Getting To Know The Jury Selection Process (Voir Dire)
Jury duty isn’t exactly the most appealing source of conversation, and it will usually spark some manner of groaning. While it’s better known as “jury duty”, voir dire is the official term for when you are chosen to appear on a jury, and for the attorneys involved, it’s a very important step in the case. If you want to know more about voir dire and what lies ahead when you’re summoned, simply keep reading.
First of all, every county is going to approach the jury selection process differently. However, the main focus for attorneys remains finding a sympathetic jury, regardless of the county they are in. The process starts with potential jurors being brought into the courtroom, after which they each receive a number. How many jurors will be selected depends on the complexity of the case, and the group from which they are selected is referred to as the jury pool.
To help attorneys make their decision, they are given general information about the jurors. This information will usually entail age, whether you are married, where you work, your history with the law, etc. Thanks to this information, they can make the best possible selection.
Don’t be surprised if the attorneys request what is known as a “shuffle”. This can happen even before the attorneys address potential jury members, and it involves leaving the room and getting a new number. Naturally, this sounds like a waste of time from the jury’s point of view, but attorneys have their reasons for making this request. And each attorney is allowed to use one shuffle request during the jury selection process. When they do this, it’s part of a bigger plan and is done very strategically.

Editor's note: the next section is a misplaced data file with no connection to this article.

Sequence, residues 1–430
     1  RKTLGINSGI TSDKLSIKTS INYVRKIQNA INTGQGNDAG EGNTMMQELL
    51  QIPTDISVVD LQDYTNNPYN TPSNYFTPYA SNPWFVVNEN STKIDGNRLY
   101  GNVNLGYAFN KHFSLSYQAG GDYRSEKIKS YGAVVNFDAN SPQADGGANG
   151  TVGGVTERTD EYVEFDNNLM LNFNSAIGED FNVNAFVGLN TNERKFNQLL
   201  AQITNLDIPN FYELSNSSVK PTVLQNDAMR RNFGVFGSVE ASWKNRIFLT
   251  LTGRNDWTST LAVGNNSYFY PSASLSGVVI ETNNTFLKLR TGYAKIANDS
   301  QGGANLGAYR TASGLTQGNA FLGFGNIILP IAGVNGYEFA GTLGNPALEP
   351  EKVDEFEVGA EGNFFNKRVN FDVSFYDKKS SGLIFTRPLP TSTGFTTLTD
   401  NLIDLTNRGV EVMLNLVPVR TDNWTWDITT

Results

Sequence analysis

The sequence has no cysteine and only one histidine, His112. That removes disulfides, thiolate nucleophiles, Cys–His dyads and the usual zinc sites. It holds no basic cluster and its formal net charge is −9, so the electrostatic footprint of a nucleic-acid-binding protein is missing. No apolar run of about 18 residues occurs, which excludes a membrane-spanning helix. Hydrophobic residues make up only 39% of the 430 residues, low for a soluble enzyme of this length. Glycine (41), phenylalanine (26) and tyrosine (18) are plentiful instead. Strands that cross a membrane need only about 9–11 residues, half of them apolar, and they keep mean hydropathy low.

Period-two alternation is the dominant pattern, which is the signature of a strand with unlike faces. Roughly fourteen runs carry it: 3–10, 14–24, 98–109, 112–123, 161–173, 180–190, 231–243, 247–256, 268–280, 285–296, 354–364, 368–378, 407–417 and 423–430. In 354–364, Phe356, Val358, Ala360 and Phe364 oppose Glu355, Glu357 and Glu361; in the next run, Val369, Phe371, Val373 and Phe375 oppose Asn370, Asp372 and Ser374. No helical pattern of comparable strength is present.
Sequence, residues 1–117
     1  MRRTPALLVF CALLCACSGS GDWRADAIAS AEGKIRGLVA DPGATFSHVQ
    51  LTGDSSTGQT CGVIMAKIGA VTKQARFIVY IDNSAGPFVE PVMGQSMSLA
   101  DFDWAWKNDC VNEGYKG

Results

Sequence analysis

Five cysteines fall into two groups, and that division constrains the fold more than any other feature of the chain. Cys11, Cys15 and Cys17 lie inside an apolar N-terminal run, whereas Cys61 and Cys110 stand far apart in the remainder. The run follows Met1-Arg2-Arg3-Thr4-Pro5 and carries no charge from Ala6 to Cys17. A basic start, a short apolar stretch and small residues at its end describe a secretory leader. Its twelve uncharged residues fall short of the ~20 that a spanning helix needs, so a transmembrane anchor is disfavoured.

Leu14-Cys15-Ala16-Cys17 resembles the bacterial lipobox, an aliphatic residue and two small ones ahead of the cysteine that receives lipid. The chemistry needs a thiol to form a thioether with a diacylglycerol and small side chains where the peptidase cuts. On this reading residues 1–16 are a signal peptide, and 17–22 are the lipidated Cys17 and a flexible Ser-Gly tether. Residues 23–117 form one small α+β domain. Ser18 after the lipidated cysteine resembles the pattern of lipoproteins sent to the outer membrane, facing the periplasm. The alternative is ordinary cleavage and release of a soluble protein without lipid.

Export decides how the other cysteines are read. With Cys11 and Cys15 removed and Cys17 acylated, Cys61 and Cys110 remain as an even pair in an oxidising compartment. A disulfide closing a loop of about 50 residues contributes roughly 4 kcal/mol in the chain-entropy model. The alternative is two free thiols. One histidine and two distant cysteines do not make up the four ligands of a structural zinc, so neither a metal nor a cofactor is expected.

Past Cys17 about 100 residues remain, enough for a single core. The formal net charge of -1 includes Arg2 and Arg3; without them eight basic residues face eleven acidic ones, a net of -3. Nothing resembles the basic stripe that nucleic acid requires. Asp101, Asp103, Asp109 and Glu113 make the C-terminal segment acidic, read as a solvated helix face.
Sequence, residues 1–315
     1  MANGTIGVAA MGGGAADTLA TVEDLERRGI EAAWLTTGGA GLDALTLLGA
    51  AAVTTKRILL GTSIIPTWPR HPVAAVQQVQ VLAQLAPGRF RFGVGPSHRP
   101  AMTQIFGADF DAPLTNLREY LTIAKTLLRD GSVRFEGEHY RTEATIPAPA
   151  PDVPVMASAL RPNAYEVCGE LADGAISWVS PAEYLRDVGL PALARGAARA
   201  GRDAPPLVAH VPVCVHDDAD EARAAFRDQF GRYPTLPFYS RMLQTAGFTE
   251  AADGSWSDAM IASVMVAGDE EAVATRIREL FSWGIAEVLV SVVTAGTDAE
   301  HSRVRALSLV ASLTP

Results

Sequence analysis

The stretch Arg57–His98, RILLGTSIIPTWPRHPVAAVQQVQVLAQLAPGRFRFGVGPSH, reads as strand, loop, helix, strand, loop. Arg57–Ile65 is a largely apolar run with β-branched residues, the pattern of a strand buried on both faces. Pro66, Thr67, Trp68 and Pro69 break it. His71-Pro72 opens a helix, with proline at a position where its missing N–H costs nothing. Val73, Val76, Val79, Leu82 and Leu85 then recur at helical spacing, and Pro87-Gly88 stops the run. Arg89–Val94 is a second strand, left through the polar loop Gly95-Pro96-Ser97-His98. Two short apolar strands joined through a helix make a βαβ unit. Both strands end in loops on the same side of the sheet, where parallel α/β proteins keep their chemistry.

The next step is to interview the jurors, and this is done once the jurors take their seats inside the jury pool. The judge will clarify what’s going to happen and how things are going to proceed, which will differ according to judge and his or her courtroom. For the most part, each attorney gets the opportunity to question jurors, and their answers are logged with their number. The question that will be asked can vary, and they will typically include whether you know the defendant or the plaintiff for that matter.
Moving forward from the general questions, some judges might give attorneys the chance to ask more specific questions. Chances are they are follow-up questions about answers given for the general questions. For example, if you were asked about being in an auto accident, and you said yes, it might become valuable information for the attorney.
The irony is that jurors are selected as much as they are removed. Through the selection process, jurors are removed from the panel based on strategy from the attorneys. And the jurors that remain in the panel ultimately form the jury that will be used for the case.
While it might not sound exciting, it can be a very rewarding experience to serve on a jury. Plus, it gives you a much better perspective on how the legal system functions. You’ll quickly realize that every case is different in some way and that having a good lawyer on your side is important for getting the verdict you deserve.